Tag Archives: Latin

History of medicine in ancient India

Keerthana Kalla Seattle, Washington, United States   Shushrut Statue In Patanjali Yogpeeth, Haridwar. Photo by Alokprasad. 2009. Via Wikimedia. CC BY-SA 3.0 The chronicle of medicine is the story of man’s struggle against illness. As early as 5000 BC, India developed a comprehensive form of healing called Ayurveda. Such traditional healing was first recorded between […]

Hispanic, Latin, Latino, Latina, or Latinx?

Bernardo Ng Imperial County, California, United States   Hispanic/Latinx Heritage Month Celebration 2019. Photo by CSUF Photos. Via Flickr. CC BY-NC-SA 2.0. The first time I became aware of a scientific group using the term Latinx was in 2018 during a meeting in Austin, Texas. It is a gender-neutral alternative to Latino or Latina that […]

St. Godric and the lost leper hospital of Darlington

Stephen Martin UK   Fig 1. Godric praying to the Virgin, c 1400. PD-US, accessed: wikimedia, original: ©British Library Board, Cotton, Faustina, VI, ii 16 V. In the late 1100s, the English monk Reginald of Durham wrote an account in Latin of the hermit St. Godric, whom he knew personally.1 Reginald attributed over two hundred […]

Macdonald Critchley

JMS Pearce East Yorks, England   Fig 1. Macdonald Critchley by Norman Hepple. Credit: National Hospital for Neurology and Neurosurgery, UCLH Arts. Source Macdonald Critchley was a neurologist of elegance and sophistication.1 He was pre-eminently a clinical investigator of disorders of higher mental functions, especially those relating to language. He was the author of many […]

Plain Words, or pandemic medical gobbledygook

JMS Pearce Hull, England   Fig 1: Comic featuring Plain Words The great essayist and philosopher Francis Bacon (1561-1626) once said: “Words, when written, crystallize history; their very structure gives permanence to the unchangeable past.” I suggest that the problems posed by writers who fail to convey meaning are not new.1,2 As long ago as […]

Coleridge and the albatross syndrome

Nicolás Roberto Robles  Badajoz, Spain   Figure 1. Samuel Taylor Coleridge. Contemporary portrait. Public Domain. Via Wikimedia  Samuel Taylor Coleridge, the tenth and last child of the vicar of Ottery Saint Mary near Devonshire, England, was born on October 21, 1772. In vivid letters recounting his early years he describes himself as “a genuine Sans […]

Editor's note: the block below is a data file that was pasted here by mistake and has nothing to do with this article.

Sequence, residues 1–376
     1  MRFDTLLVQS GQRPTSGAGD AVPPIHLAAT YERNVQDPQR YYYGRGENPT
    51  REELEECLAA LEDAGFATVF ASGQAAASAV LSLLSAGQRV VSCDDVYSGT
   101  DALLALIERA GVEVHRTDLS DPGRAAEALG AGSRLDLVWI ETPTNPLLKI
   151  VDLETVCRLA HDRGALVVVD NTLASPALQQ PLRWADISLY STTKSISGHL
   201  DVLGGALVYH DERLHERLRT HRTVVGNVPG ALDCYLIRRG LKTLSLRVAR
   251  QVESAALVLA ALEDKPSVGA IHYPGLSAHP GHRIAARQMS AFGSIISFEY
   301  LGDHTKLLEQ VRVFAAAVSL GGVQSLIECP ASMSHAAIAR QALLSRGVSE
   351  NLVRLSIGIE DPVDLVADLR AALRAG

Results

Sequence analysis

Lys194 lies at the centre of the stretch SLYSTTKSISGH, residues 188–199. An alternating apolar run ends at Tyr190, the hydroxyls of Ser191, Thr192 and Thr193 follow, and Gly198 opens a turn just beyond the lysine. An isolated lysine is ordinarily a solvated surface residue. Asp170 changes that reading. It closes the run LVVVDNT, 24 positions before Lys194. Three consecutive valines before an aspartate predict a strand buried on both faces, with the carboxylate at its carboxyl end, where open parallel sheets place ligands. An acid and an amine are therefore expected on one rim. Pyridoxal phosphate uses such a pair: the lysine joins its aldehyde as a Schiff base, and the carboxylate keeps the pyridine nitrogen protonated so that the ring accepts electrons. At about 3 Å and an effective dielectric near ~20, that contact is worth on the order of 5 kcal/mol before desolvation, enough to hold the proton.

Harvey Cushing: Surgeon, Author, Soldier, Historian 1869-1939

John Raffensperger Fort Meyers, Florida, United States   Harvey Williams Cushing. Photograph by W.(?)W.B. Credit: Wellcome Collection. (CC BY 4.0) Harvey Cushing was a third-generation physician, born to a family of New England Puritans who had migrated to Cleveland, Ohio, in the mid 1830s. His father and grandfather were successful physicians; family members on both […]

Using Latin to settle medical pronunciation debates

Raymond Noonan Brooklyn, New York, United States   Author’s note: Original Latin words are written in italics, with macrons (ā) indicating long vowels. Equivalent Latin-derived medical terms are given without italics. Acute accents (á) are sometimes used to indicate stress accent in both English and Latin. Informal phonetic spelling that should be familiar to most […]

Plague epidemics and the evolution of language in England

Andrew P. K. Wodrich Washington, DC, United States   Pierart dou Tielt’s illustration depicts the mortal toll of the Black Death in a Belgian town circa 1353. Similarly, the plague decimated the population of England, spurring the change from French to English as the country’s dominant spoken language. Via Wikimedia Commons here.  Epidemics have had a profound impact […]

Science versus religion: the medieval disenchantment

JMS Pearce Hull, England   Fig 1. An engraving showing a monopod or sclapod, a female Cyclops, conjoined twins, a blemmye, and a cynocephali. By Sebastian Münster 1544. Source History is a novel whose author is the people. -Alfred de Vigny (1797-1863)   In medieval times, knowledge, beliefs, and faith were largely centered upon a […]